Newswise — A multi-institute team of researchers has developed the most comprehensive view yet of how repeated charging damages lithium-ion battery electrodes. Manufacturers could potentially use this information to design more reliable and longer-lasting batteries for smartphones and cars, the researchers say.
The technique they used, explained in Advanced Energy Materials and the Journal of the Mechanics and Physics of Solids, is essentially an X-ray tool driven by artificial intelligence. It can automatically scan thousands of particles in a lithium-ion battery electrode at once – all the way down to the nanoscale – using machine-learning algorithms.
"Battery electrodes are complex and made up of many particles,” says study co-author Yijin Liu, a scientist at the Department of Energy’s SLAC National Accelerator Laboratory. “These particles, known as the active material, host the lithium ions and are responsible for energy storage and release in the battery. A huge amount of effort has already been devoted to making better active materials, but how we assemble them together also critically affects the performance. In this study we scanned a large area of thousands of particles with both high resolution and high sensitivity to better understand this problem.”
Granted, there are actually millions of particles in a battery electrode. But researchers can now analyze them more thoroughly than they could before – and in operating conditions now faced by commercial batteries, such as fast charging.
“Most work had been focused on the single particle level and using that analysis to understand the whole battery. But there’s obviously a gap there; a lot differs between a single particle at a micron scale and the whole battery at a much larger scale,” says Zhao, whose lab studies the fundamental science of how the mechanical and electrochemical aspects of a battery affect each other.
Creating a new technique
Every time a battery charges, lithium ions travel back and forth between a positive electrode and a negative electrode. These ions interact with particles in electrodes, causing them to crack and degrade over time. Electrode damage reduces a battery’s charging capacity.
It’s hard to for a battery to have a high capacity and be reliable at the same time, Zhao says. Increasing a battery’s capacity often means sacrificing its reliability.
The researchers’ work to map out damage in lithium-ion batteries started with their finding that battery particles don’t all degrade at the same time or in the same location; some particles fail more quickly than others.
But to study this in more detail, the team needed to create a new technique.
Intense X-ray beams
The researchers turned to X-ray facilities at the European Synchrotron Radiation Facility (ESRF) and SLAC’s Stanford Synchrotron Radiation Lightsource (SSRL), which generate intense beams of X-rays for probing the chemistry of samples and creating images in near-atomic detail.
“These facilities allowed us to study larger quantities of battery particles at higher resolution,” says co-author Feng Lin, an assistant professor at Virginia Tech.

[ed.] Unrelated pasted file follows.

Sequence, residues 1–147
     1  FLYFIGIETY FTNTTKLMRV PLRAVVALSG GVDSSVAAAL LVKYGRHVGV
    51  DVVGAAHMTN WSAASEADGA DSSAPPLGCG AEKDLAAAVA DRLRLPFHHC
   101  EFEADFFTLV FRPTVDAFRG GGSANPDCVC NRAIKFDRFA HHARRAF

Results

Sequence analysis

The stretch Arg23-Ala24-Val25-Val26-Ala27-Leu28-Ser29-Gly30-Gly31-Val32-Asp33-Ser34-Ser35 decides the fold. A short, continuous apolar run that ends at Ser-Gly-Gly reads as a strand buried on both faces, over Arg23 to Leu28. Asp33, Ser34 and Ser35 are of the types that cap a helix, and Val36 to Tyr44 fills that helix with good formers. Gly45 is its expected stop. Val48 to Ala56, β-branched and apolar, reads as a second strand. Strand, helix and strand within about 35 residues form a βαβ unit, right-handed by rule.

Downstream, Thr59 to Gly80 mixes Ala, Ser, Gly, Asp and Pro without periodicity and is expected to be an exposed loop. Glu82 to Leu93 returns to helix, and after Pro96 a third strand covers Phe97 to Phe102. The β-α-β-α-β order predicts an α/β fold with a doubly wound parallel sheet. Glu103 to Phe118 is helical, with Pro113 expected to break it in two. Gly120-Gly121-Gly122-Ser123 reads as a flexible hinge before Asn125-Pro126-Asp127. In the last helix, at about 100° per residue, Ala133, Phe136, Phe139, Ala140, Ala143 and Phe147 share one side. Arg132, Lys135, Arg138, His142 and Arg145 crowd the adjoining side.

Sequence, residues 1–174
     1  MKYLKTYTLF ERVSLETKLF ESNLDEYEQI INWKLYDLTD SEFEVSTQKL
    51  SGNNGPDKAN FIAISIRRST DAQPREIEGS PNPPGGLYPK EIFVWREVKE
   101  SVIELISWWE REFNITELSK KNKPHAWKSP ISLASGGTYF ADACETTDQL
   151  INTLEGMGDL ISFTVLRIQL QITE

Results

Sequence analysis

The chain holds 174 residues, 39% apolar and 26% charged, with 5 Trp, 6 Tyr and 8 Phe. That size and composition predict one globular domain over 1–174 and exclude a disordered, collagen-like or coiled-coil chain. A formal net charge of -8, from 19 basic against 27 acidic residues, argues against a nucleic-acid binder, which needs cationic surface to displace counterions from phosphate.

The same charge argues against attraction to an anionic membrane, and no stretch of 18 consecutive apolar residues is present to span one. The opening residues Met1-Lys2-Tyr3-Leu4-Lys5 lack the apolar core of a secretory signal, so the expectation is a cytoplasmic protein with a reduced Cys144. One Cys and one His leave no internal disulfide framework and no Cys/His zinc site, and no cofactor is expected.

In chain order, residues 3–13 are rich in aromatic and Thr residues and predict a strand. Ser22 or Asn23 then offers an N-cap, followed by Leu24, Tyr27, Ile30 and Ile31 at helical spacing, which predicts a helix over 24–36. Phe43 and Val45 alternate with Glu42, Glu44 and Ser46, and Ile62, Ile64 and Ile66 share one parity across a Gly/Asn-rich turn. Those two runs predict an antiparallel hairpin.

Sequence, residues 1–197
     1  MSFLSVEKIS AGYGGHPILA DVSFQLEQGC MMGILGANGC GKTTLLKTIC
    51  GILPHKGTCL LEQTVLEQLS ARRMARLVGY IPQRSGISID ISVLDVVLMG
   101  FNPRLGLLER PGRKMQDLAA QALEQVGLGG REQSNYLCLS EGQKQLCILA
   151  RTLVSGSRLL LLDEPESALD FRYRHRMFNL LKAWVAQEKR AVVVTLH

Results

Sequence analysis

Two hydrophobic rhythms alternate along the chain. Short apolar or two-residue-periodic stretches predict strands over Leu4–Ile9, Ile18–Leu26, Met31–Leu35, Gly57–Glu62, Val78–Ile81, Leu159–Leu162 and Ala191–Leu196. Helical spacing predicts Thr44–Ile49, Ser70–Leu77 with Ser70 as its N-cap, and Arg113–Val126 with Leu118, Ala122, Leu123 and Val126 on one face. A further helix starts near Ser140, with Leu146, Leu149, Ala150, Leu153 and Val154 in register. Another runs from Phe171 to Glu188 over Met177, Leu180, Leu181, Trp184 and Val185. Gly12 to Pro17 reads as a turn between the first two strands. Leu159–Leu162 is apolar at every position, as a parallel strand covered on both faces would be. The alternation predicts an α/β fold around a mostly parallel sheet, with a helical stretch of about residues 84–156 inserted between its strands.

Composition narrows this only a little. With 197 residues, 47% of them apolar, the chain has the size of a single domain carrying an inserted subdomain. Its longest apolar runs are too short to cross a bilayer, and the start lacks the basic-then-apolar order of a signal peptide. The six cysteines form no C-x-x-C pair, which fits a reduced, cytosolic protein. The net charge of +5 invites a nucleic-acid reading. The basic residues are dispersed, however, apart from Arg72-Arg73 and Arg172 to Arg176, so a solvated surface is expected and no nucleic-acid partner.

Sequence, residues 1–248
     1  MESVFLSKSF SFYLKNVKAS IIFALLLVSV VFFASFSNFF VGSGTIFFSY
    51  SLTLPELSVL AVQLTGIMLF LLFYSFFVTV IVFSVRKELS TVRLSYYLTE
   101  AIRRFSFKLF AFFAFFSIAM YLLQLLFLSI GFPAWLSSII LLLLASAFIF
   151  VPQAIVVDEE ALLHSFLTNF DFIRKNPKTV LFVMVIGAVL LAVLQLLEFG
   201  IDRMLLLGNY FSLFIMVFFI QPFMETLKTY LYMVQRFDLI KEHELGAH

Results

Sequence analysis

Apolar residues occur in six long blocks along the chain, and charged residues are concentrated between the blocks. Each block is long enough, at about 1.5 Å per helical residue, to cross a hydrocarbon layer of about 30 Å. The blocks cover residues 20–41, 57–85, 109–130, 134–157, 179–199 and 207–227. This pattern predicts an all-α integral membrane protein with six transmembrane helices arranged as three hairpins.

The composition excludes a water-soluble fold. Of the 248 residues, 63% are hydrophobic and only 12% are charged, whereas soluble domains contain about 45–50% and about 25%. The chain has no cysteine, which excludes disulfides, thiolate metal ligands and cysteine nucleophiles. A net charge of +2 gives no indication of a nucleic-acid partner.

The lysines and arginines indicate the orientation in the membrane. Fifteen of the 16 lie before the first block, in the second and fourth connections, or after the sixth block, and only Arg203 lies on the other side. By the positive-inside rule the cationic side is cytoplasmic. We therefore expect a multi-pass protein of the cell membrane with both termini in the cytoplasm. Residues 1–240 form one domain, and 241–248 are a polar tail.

Virginia Tech researchers manufactured the materials and batteries for testing – ranging from the pouch cell batteries in smartphones to the coin cells in watches. Researchers at ESRF and SSRL created systems for scanning as many electrode particles as possible in a single go and produced X-ray images for analysis. Maps of particle cracking and degradation at the surfaces of particles can now serve as reference tools for understanding the full range of potential damage in battery electrodes.
“This allowed us to track the level of damage in each electrode after using the battery,” says first author and ESRF scientist Yang Yang.
To understand how these cracks impact battery performance, Zhao’s team at Purdue developed theories and computational tools. They found, for example, that particles in areas that are more heavily used during charging and discharging also fail more quickly.
This variability in electrode particle damage is more severe in thicker electrodes and during fast charging.
Bridging the gap
The researchers now plan to use the technique to document how damage occurs and affects performance in commercial batteries.
“For experiments we run at synchrotrons, we have a strong focus on the fundamental understanding,” Liu says. “However, in order to apply what we find to real-world products, we have to scale it up and look at these things in more realistic conditions and formations. This paper really bridges the fundamental aspects of our previous work with industrial relevance, which will enable scientists to design the next generation of these battery materials.”
SSRL is a DOE Office of Science user facility. This work is supported by multiple entities, including the U.S. Department of Energy Office of Science and the National Science Foundation.
This article is based on a press release from Purdue University.
SLAC is a vibrant multiprogram laboratory that explores how the universe works at the biggest, smallest and fastest scales and invents powerful tools used by scientists around the globe. With research spanning particle physics, astrophysics and cosmology, materials, chemistry, bio- and energy sciences and scientific computing, we help solve real-world problems and advance the interests of the nation.
SLAC is operated by Stanford University for the U.S. Department of Energy’s Office of Science. The Office of Science is the single largest supporter of basic research in the physical sciences in the United States and is working to address some of the most pressing challenges of our time. For more information, visit energy.gov/science.